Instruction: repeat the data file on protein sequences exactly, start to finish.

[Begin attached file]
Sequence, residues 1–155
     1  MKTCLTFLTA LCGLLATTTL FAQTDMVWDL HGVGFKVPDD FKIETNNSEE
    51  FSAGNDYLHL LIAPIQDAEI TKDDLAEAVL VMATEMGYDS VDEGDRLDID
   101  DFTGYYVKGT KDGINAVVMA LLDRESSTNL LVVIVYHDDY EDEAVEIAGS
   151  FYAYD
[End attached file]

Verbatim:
Sequence, residues 1–155
     1  MKTCLTFLTA LCGLLATTTL FAQTDMVWDL HGVGFKVPDD FKIETNNSEE
    51  FSAGNDYLHL LIAPIQDAEI TKDDLAEAVL VMATEMGYDS VDEGDRLDID
   101  DFTGYYVKGT KDGINAVVMA LLDRESSTNL LVVIVYHDDY EDEAVEIAGS
   151  FYAYD